Myanmar Times | A caliph in the midst of hell

Opium lords, Taliban terrorist attacks and automatic rifle fire – all a part of everyday life in Afghanistan, one of the most war-torn and corrupt countries in the world, a former Myanmar Times reporter writes

Translated by Khin Aung (Volume 26, No. 507, Myanmar Times)

(Kyaw Zaw Oo, the author of the orginal article in Myanmar language, is an English teacher and freelance translator. He worked as an assistant editor at Lifestyle magazine and a reporter at The Myanmar Times. He translated some books from English to Myanmar and used to work as an engineer on a construction project in Afghanistan during 2009 and 2010)

I HAVE been living for more than four mouths in the greatest opium- producing country in the world. That country is Afghanistan, where huge drug revenues are used to buttress political powers; where opium barons lavish their ill-gotten incomes on equipping pocket armies that are as lethal as any Western combat troops.

Since last September – except for nearly seven days sojourn in the capital, Kabul, celebrating the end of the Muslim festival of Ramadan – I have been in the second-largest city of Kandahar.

To be exact, I have been in a very large construction site between the airport and the city. There I live in a fully-furnished converted container, or Conex. As I just have to step out of my container to arrive at my workplace, there is no danger of being kidnapped or shot at on the way to work. I am safe and sound – unless, of course, the Taliban overrun the place or launch rocket attacks.

I arrived in Kandahar on the evening of my second day in Afghanistan. Almost immediately I heard the sound of two rounds of gunfire nearby. About half an hour later, Ko Aung Than Htut, my friend and superior officer, told me the guards shot at two Afghan civilians who had approached our site and, despite the guards ordering them to stop, continued their approach. So they shot at them. There is no way of differentiating a Taliban insurgent from ordinary Afghans, so even civilian-looking Afghans are not allowed to approach in case they are suicide bombers. I never found out if they died.

By the way, let me disclose something about myself.

When I arrived at Kabul, I had only US$2 in my pocked. I had come via India, and after two days in New Dehli, when all the hotel bills and car rental fees had been paid and I arrived at Indira Ghandi Airport, I still had $42. Although my visa was authentic there was a thin line scratched on my passport and the Indian immigration officer on duty seemed to have decided that was reason enough to give me trouble. He ordered me to step out of the queue of travellers and to stand and wait. After everyone else had cleared immigration, he started to haggle for a kickback. I explained to him that I had only $40 left. Only after a deal was struck – that left me with just $2 – was I was allowed to board the plane.

Two days after arriving in Kabul, I was at the airport transferring to Kandahar when the police constable checking my baggage made eyes at me and at the same time opened his palm. I was exasperated. What a fellow – even though he cannot speak English, he knows how to ask for money!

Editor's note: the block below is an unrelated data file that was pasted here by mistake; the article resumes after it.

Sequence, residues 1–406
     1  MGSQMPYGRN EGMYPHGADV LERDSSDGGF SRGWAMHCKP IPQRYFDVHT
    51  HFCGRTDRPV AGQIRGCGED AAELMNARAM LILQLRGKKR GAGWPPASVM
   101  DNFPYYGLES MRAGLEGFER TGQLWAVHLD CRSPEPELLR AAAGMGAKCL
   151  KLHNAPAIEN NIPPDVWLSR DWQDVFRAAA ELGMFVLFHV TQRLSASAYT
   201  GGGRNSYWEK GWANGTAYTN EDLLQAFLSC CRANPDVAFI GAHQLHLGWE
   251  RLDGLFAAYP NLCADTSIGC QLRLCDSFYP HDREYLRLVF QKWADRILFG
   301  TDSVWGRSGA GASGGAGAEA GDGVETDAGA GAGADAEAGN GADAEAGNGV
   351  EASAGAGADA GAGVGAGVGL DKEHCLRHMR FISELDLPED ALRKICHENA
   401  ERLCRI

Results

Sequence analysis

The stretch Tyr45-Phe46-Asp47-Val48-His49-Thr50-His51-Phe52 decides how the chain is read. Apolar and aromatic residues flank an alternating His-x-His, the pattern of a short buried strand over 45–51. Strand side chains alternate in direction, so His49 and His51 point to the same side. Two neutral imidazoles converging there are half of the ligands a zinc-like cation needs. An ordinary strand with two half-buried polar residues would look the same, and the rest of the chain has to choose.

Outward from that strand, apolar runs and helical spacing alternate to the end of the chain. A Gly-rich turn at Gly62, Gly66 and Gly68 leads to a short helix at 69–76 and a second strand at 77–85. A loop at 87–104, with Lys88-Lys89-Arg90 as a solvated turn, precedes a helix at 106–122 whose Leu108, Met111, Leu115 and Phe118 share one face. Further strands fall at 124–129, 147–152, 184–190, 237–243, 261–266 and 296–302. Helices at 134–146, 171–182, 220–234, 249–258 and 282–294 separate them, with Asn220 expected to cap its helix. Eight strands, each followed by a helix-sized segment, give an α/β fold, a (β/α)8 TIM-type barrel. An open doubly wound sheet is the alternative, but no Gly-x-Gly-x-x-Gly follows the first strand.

Not far from our worksite was the KAF, the commonly used abbreviation for Kandahar Airfield. Taliban insurgents would regularly launch rockets at the KAF and occasionally when I was resting I could hear the dull thud of the rockets and wailing of alarms. But it seemed these were little more than a once-a-week token strikes – those launching the rockets did so haphazardly and more often that not the missiles failed to hit their intended targets. Those with light injuries were sent to the field hospital to get their wounds dressed. The rubble left after the explosion would be cleared and KAF, where many foreign companies and soldiers were based, would return to normal.

If we looked out from the top of the building we were constructing, we could see a very large number of houses far, far away – that was Kandahar. Between Kandahar and our site was open ground, with few houses. Sometimes we could see flocks of sheep with their shepherds.

The KAF was to the east of our construction site. On the road out of the airfield there were an unending number of old, rusty, disintegrating tanks, trucks, airplanes and helicopters. Some of the airplanes were stuck headfirst into the ground, with the tails pointing to the heavens at an odd angle. They were all leftovers of the Soviet invasion in the 1980s.

If you looked to the heavens at night, you could see red spots moving about the sky. “They are ‘drones’; pilotless scouting planes,” Ko Aung Than Htut explained. “They say the drones are controlled via satellite, and they obey orders from California or some other place.” This exchange is indicative of how we discussed many things that happen in Afghanistan. Most of our conclusions were based on flimsy pieces of news we hear from other people.

I’ve never been in a place where fighting is taking place. On the night of October 29, while a Turkish engineer and I were working, a sudden loud explosion rocked our building and we all hastily ran outside. Others ran in the direction of the bunker.

Later, the Turkish engineer explained what had happened. “It really was a bomb but the problem has been solved,” he told us. “The British troops found a bomb and they had difficulty defusing it. So they detonated it in a safe way so that nobody was hurt.”